Game on at the O’Dome, via Wikipedia

Home of the Preseason No. 10 University of Florida Gators
Capacity: 12,000

Gainesville, FL

We kick off our ten-day tour of the Preseason Top 10 at the multi-purpose O’Connell Center on the University of Florida campus.  Home to Gators men’s and women’s basketball and volleyball teams, the O’Dome converts to become an indoor track facility.  Its inflatable fabric roof also houses an Olympic-size pool and diving tanks for the Gator swim teams, studios for the gymnastics teams,  practice courts for basketball, martial arts studios, strength and conditioning areas for all the athletic teams.  More than just a basketball arena, the O’Connell Center is a hub for all things Gator sports – a study in maximum use and space management efficiency in a sports facility.

Sunset over the O’Connell Center, via 100 Concerts

The O’Connell Center opened during the 1980 season, replacing the 7,000-seat Florida Gymnasium. It is located on the campus’ northern edge among a string of athletic buildings that line Stadium Road. The Linder Tennis Center, Percy Beard Track Field, McKethan Baseball Stadium and Ben Hill Griffin Football Stadium are all largely single-use facilities. As the home of eight sport teams, the O’Connell Center forms the centerpiece of this athletic village.

The Gator pool beneath the bright white roof, via Diversity in Aquatics

O’Connell Center is an octagonal building with its primary concrete structure at the corners of its eight sides. The structural ribs rise from the campus green and plateau midway up the building, only to rise again and come together to form the arena’s roof. The double-curved structure is organized such that the taller curve in the center forms the space for the 12,000-seat basketball arena. Located under the lower curve on the outer perimeter of the building – essentially the space underneath the seating bowl of the basketball arena – are the swimming pool, diving tanks and gymnastics studios.  Spanning between the structure is a translucent, Teflon-coated fabric roof which creates a bright interior space. The fabric for the central area was replaced by a concrete roof for the 1998 season, significantly darkening was once a unique, naturally lit basketball arena.

The O’Dome prior to renovation in 1988 – note the translucent roof and wood bleachers, via Milanite Flickr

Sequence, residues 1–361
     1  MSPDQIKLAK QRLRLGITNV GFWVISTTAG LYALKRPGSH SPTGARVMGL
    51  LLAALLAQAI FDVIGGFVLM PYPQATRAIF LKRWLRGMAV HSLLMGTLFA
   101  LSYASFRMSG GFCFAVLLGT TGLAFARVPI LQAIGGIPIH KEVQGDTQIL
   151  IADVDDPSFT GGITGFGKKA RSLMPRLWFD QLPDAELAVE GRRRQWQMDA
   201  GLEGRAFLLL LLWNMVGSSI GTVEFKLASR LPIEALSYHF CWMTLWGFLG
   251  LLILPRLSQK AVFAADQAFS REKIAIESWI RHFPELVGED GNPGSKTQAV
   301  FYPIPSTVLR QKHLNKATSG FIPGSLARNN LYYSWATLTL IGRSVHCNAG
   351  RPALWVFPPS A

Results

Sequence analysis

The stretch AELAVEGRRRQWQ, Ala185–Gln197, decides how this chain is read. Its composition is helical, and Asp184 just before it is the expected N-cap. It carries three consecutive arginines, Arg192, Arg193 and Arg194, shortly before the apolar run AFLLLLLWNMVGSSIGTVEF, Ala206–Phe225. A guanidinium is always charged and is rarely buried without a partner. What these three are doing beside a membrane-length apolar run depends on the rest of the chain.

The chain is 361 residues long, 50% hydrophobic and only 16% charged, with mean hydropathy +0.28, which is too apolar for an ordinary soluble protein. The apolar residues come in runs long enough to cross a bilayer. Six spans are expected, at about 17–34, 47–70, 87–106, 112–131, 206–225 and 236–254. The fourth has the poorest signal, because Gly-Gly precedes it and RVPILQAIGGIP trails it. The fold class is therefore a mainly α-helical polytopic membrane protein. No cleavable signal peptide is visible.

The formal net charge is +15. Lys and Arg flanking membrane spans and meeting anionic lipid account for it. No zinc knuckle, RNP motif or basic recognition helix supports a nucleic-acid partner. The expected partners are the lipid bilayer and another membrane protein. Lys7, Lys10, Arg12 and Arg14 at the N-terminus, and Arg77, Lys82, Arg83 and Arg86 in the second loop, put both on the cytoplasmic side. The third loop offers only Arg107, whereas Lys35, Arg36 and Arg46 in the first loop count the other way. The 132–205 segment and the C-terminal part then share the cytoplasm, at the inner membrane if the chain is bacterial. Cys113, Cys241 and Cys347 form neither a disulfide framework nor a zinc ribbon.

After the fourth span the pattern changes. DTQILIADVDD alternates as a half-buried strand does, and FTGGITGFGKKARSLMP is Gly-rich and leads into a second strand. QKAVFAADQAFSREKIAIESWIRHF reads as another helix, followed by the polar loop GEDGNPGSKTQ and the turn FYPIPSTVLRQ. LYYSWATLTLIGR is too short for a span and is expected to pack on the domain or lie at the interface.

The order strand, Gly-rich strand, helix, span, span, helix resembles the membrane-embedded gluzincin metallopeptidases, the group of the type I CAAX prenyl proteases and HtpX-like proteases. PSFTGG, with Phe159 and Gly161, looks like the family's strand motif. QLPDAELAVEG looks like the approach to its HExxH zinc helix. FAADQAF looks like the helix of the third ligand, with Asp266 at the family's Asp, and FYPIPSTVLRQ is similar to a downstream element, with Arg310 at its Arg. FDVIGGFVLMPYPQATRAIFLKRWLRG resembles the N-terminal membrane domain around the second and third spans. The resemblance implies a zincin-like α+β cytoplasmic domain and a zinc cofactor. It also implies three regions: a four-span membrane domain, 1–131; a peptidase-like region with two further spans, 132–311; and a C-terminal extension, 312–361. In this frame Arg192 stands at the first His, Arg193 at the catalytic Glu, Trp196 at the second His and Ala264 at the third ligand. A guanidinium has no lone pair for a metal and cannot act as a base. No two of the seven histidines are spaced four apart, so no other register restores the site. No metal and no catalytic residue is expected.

The basketball arena consists of three tiers: the court level, a mezzanine and an upper deck. Telescopic bleachers on the court and mezzanine levels allow for further multi-functionality of the space. Pushing the bleachers back on the court level provides more space for track events, as well as concerts, public speakers and other non-sport functions that require more floor space. Pushing back the bleachers on the mezzanine level reveals an indoor track that is used by the Gator track team in the winter.

The O’Connell Center in track mode, via Aleklife

The bottom two levels don’t have seating at each of the corners, while on the upper level seats continuously wraps the arena top. The flexibility enabled by the telescopic bleachers, instead of fixed seats, reduces the comfort of the seating and the open corners reduce the overall capacity and game day atmosphere. Despite this, the O’Dome is consistently ranked one of the toughest places for visiting teams to play and the university benefits from the flexibility that allows a variety of teams to use the space.

The O’Connell Center in Volleyball mode, via bobindrums Flickr

The O’Connell Center is not the world’s most beautiful venue. Although, if you follow great American architect Louis Sullivan’s creed, “form follows function”, it is a great success. The O’Dome’s ability to accommodate such a large number of uses is exemplary and should be a model for indoor sports venues. It will be interesting to see how the other nine arenas we will look at over the next ten days match up.

Evening at the O’Connell Center, via pherk Flickr

Next up, tomorrow: 9. The Carrier Dome, Syracuse, NY (Syracuse University Orange)